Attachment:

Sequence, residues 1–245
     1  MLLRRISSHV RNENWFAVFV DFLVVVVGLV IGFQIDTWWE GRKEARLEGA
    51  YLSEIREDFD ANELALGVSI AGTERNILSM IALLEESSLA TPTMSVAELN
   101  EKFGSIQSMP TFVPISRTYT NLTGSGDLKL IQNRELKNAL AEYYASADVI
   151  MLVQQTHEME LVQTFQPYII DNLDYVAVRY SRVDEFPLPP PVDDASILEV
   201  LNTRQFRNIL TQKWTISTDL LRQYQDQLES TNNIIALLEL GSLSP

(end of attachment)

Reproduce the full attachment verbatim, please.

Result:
Sequence, residues 1–245
     1  MLLRRISSHV RNENWFAVFV DFLVVVVGLV IGFQIDTWWE GRKEARLEGA
    51  YLSEIREDFD ANELALGVSI AGTERNILSM IALLEESSLA TPTMSVAELN
   101  EKFGSIQSMP TFVPISRTYT NLTGSGDLKL IQNRELKNAL AEYYASADVI
   151  MLVQQTHEME LVQTFQPYII DNLDYVAVRY SRVDEFPLPP PVDDASILEV
   201  LNTRQFRNIL TQKWTISTDL LRQYQDQLES TNNIIALLEL GSLSP